• Extensive public consultation - All major decisions should be made with extensive consultation with the residents and ratepayers of the Shire.

  • Urban road network - The Urban Road Network is an essential part of the Shire's access to all properties throughout the Shire. Constant maintenance on these roads is a must in order to keep up the reliability of clear road transport in all locations at all times.

  • Lagoon - A project that will happen but will have to be put on hold for a few years until the Shire's Economy increases to a stage where construction and ongoing maintenance costs are affordable. In spite of all the advantages and disadvantages of a lagoon, it is quite an achievable project for us which requires patience, a little time, and most of all common sense.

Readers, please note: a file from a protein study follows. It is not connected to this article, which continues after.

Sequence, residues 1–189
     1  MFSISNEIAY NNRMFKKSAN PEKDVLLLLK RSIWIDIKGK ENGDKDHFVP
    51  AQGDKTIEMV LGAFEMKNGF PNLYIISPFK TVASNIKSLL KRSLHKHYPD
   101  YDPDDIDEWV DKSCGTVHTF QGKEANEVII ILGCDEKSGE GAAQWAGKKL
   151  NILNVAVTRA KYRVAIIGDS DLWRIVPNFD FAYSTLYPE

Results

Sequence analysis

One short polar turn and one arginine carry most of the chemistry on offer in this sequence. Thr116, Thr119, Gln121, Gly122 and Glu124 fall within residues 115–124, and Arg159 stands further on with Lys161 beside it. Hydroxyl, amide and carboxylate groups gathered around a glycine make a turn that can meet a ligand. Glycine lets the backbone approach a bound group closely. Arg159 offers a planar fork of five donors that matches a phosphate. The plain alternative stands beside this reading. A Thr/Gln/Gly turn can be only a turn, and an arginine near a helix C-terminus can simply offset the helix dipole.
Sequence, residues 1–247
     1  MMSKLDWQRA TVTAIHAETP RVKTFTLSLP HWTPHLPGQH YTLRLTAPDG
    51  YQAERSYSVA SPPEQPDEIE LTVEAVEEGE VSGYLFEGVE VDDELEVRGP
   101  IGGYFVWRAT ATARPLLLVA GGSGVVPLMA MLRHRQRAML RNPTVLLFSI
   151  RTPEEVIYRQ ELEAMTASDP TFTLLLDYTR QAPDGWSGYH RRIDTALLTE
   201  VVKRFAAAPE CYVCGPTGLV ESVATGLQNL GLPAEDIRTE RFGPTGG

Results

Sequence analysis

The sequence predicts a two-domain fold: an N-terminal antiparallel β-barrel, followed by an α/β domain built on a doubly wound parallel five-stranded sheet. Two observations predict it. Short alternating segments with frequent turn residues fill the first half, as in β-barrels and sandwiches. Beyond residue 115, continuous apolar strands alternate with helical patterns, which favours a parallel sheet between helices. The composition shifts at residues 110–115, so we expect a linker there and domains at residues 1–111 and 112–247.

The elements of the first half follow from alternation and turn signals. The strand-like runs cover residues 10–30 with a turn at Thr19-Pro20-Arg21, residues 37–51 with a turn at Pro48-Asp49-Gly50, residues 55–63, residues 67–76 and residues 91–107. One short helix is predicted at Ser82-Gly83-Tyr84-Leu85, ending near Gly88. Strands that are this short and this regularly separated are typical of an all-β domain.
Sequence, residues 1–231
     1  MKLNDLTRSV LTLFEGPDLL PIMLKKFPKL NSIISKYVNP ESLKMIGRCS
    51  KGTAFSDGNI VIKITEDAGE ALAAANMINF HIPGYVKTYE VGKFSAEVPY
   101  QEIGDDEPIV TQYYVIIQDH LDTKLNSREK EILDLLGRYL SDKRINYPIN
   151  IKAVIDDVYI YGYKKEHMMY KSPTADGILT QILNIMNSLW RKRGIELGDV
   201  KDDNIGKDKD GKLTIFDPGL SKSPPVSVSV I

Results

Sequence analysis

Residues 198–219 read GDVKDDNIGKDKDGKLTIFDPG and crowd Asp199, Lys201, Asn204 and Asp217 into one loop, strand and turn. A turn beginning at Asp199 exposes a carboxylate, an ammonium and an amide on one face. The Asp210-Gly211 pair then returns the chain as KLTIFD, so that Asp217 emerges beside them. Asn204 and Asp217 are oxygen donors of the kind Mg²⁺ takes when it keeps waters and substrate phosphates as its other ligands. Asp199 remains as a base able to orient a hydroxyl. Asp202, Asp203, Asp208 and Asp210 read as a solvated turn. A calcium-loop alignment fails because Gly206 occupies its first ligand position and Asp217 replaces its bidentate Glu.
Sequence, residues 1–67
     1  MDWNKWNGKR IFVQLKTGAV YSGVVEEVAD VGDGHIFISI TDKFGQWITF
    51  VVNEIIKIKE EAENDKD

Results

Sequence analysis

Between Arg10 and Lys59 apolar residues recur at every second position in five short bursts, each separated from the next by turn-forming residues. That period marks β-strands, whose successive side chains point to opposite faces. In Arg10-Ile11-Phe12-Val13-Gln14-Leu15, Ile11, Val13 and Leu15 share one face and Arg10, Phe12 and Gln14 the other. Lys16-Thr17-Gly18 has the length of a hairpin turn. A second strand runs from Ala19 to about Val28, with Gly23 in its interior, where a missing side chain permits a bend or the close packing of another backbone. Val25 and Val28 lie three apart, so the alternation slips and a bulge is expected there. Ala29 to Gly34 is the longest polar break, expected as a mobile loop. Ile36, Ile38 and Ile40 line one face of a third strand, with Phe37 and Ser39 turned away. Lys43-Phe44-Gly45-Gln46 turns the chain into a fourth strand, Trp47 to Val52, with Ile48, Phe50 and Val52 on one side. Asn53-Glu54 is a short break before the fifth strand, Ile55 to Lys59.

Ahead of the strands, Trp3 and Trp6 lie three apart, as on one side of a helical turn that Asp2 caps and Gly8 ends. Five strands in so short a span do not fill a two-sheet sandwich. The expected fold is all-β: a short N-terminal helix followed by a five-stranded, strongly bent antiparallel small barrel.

• Tourism and the Chamber of Commerce - Around 80% of the Shire's income is from Tourism. Tourism has declined Australia wide, however, we should not use the national decline as the total excuse for the decline in the Shire. We must stay in the loop with tourism organisations so as to get the up to date information on where their efforts are being targeted to catch as much of this decreased market as possible. The downturn in tourism also very much affects business in the Shire. The Chamber of Commerce then becomes a very important advisory organisation to the Council. Council should have automatic grant funding each year in the budget, as has been done in the past, to help the Chamber of Commerce. They are then charged with the task of advising the Council as to the rise and fall of business in the Shire so the Council can direct appropriate funding in the right direction.